#AusReads “You will not recognise me, she thinks, when I find you…” // Review of “The Mother Fault” by Kate Mildenhall

Title: The Mother Fault
Author: Kate Mildenhall
Audio book narrator: Claudia Karvan
Genre: Dystopian/literary fiction
Intended audience: Adult
Date Read: 25/09/22 – 05/11/22
Rating: 
★★

Review: 

Oh man. This book frustrated me to no end. I ended up switching from audio book to physical about halfway through because I was finding it slow-going and I needed to move things along.

I know there’s that whole conversation about how female characters are held to impossible standards and we should all get behind unlikeable female characters because sometimes that’s how the world is (or something… I’m not very eloquent I know). But I just couldn’t stand Mim at all.

I understood that this was supposed to be an examination of the way women can lose parts of their pre-motherhood identities once they have kids. I don’t know if this would hit differently if I was a parent and had shared some of these experiences. As it was, Mim was just awful.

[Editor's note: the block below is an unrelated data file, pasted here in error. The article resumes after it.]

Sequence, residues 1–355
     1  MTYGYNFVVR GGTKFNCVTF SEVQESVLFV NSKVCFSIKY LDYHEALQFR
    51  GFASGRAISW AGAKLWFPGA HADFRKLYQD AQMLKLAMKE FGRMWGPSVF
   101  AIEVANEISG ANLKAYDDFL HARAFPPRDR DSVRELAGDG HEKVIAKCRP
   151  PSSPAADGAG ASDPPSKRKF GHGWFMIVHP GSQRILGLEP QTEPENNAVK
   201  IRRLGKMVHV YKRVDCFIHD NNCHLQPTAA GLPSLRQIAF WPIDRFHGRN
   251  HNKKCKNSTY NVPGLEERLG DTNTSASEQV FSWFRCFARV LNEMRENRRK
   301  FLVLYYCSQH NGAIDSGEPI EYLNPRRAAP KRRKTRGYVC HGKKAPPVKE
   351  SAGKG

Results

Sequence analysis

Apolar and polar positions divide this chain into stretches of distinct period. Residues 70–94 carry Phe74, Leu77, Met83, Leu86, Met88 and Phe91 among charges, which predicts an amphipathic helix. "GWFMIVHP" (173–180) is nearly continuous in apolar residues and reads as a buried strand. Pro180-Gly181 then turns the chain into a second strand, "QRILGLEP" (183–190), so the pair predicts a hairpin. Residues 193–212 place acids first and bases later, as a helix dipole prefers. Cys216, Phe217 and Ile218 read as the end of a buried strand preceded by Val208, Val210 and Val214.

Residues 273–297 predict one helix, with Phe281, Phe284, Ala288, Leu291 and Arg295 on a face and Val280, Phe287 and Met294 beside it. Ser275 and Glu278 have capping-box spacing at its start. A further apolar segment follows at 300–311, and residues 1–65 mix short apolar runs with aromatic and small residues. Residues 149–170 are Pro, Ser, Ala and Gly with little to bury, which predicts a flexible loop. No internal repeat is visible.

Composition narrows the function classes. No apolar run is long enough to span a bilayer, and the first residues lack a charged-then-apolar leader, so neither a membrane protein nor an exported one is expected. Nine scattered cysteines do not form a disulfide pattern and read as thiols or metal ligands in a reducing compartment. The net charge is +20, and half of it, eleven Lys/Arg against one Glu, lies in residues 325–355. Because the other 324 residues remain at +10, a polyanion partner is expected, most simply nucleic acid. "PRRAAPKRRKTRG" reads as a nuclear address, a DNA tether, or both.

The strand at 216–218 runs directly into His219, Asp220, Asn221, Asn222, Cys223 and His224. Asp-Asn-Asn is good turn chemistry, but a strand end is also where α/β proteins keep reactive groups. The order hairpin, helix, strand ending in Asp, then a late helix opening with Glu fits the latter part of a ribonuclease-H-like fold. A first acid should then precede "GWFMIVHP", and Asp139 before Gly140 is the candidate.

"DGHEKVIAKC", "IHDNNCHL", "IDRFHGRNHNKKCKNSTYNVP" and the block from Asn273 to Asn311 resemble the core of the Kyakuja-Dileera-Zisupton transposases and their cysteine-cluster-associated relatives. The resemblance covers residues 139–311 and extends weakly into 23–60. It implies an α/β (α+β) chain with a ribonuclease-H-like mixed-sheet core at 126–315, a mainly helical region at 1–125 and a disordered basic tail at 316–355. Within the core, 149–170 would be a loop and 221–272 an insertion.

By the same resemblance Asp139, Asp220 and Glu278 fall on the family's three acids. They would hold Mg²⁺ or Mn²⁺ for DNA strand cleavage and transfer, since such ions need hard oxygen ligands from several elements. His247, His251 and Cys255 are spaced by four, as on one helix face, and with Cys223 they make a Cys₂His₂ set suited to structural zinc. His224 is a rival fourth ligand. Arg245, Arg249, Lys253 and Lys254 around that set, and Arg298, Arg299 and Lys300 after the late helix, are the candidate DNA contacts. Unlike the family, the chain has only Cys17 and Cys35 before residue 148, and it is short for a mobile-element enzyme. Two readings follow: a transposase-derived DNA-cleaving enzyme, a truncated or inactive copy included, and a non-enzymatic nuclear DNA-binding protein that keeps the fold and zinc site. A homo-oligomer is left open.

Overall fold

She puts not only herself, but her kids, her wider family and pretty much everyone else she comes into contact with in danger. She gets pissy at people when things go wrong, even though it’s mostly down to her poor judgement that they are in the bad situations to begin with. She feels guilty a lot of the time, but that never quite equates with taking any responsibility.

And the ending? I don’t want to say anything too spoilery, but I felt it basically cancelled out the entire story that came before it. Why did the characters even bother?

So why two stars rather than one, given how cranky I sound in all the above? Well, it was easy to read and despite my issues, I did fly through the pages once I had moved on to the phsyical book. (Was I rage-reading? Maybe I was rage-reading.) I suspect that I might actually enjoy Kate Mildenhall’s first book, which is historical fiction, a lot more.


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#AusReads Book Review: “The Eighth Wonder” by Tania Farrelly

Title: The Eighth Wonder
Author: Tania Farrelly
Audio book narrator: Annabelle Stephenson, Leinad Walker
Genre: Historical fiction
Intended audience: Adult
Date Read: 07/10/22 – 03/11/22
Rating: 
★★★

Review: 

This is one of those books that leaves me wringing my hands a bit as I try to review it. It’s fine. The writing is good. The characters are interesting. The setting is immersive. And yet, for whatever reason, the best I can do is damn it with faint praise and say I guess I enjoyed it.

I think my main problem here was that for so long I couldn’t really tell where the story was going. Things happened to the characters, but there seemed to be little set-up and little payoff later. Things just happened.